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Pat O'Day

Godfather of Northwest Rock ‘n’ Roll

Pat O’Day, the legendary Seattle disc jockey and concert promoter

On the radio, O’Day was also shaking up the scene. For if radio is, as has been said, the “theater of the mind,” then Pat O’Day was surely the greatest mind-bender to ever grace Northwest radio. Almost singlehandedly, he transformed what radio was and helped mold the perceptions of thousands of teenagers into what it could be. Working with a bottomless bag of impromptu tricks and stunts, O’Day – who was blessed with one of the all-time archetypal radio voices – proceeded to capture the imagination of Seattle’s teenagers by mixing rock ‘n’ roll hits with a never-ending cast of zany on-air characters including “Granny Peters,” “Mr. KJR,” and “Wonder Mother.” The concept sounds old hat today but back in that day it was innovative, cutting edge and fun.

O’Day can also fairly claim credit to being one of the first DJs in the nation to experiment with an “Oldies” format. That was partially because back in the late 1950s rock ‘n’ roll was still so young few stations concerned themselves with yesterday’s hits. But O’Day was quick to understand that a classic song will always be a classic and he exploited this programming technique to its fullest.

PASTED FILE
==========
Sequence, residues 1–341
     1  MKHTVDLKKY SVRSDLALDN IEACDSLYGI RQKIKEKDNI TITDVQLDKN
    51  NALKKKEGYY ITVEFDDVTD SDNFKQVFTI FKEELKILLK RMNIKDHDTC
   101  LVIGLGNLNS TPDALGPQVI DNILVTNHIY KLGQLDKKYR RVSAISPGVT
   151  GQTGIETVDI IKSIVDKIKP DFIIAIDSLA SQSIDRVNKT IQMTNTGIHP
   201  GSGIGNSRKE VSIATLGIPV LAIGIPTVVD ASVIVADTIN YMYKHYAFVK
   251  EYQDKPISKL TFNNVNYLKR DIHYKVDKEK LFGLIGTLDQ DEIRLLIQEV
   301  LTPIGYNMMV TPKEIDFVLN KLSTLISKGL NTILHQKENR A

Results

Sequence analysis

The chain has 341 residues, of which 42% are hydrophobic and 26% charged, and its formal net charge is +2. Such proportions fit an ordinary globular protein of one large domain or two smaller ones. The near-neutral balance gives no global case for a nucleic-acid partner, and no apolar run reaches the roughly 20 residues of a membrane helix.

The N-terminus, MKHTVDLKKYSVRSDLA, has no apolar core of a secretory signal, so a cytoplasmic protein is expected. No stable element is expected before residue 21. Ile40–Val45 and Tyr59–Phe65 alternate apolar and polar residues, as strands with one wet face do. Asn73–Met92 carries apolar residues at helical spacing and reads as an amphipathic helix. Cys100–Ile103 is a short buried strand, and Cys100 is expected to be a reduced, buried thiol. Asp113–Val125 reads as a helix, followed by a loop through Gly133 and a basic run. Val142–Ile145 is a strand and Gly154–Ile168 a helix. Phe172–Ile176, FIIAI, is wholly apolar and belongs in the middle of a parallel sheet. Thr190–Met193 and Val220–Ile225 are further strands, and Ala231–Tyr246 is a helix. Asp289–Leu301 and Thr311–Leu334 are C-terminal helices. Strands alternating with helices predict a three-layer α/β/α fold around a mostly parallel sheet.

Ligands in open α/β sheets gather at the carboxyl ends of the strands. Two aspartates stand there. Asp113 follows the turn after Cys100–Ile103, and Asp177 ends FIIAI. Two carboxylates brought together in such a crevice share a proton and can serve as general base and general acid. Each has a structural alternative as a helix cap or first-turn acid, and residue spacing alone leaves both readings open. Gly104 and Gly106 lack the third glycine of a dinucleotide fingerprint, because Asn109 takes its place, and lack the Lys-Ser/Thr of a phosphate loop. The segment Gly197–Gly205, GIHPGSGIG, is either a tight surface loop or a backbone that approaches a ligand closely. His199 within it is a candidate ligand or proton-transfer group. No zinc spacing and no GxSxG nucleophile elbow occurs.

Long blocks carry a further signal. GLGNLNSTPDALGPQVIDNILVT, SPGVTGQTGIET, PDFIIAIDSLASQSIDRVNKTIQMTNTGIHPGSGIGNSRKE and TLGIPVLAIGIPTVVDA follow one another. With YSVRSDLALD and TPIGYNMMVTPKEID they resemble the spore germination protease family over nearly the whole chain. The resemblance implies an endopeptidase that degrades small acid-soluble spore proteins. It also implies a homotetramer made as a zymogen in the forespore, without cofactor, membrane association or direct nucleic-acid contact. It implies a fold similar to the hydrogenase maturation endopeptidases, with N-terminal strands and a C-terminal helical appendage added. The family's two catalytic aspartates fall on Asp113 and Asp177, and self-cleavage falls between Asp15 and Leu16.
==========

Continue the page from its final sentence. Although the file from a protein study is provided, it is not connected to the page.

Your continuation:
Local Discs to the Top

But he also established KJR as a station that could – and did – make hit records (think: the Ventures’ “Walk – Don’t Run” and the Tijuana Brass’ “The Lonely Bull”). But perhaps more importantly, O’Day was one of the first DJs in the Northwest to realize the talent of the early local bands. Though O’Day has more than his share of detractors, one thing he cannot be faulted on was his commitment to local music – no other station in history has played as many local discs as the O’Day-fueled KJR. And not only did he play local records (and book the bands for his teen-dances), he made them hits and increased the interest in Northwest music around the nation to a level that wouldn’t again be attained (and surpassed!) until Seattle’s Grunge rock movement of the 1990s.

By the late 1960s, though, the bands O’Day pushed had already seen their better years and the style of radio he represented didn’t go over too well with the ‘freaks’ and hippies…many found his bombastic, wisecracking style to be the very embodiment of crass commercial radio. Great offense was taken when it was eventually revealed that it was the “devil” himself, O’Day, who had been the secret financier behind a prominent local concert promoter – Seattle’s version of San Francisco impresario, Bill Graham – who had been booking concerts at the Eagles Hall, the “hip” alternative to O’Day’s teenybopper dance scene. It seemed there was no escaping the guy’s presence.

Indeed, that Pat O’Day has more lives than a cat is evidenced by his decades of involvement in Northwest rock ‘n’ roll. And now, once again, the man seems to have a few more tricks up his sleeves.

Postscript

Pat O’Day is the author of It Was All Just Rock ‘n’ Roll, which details his work in radio and concert promotion.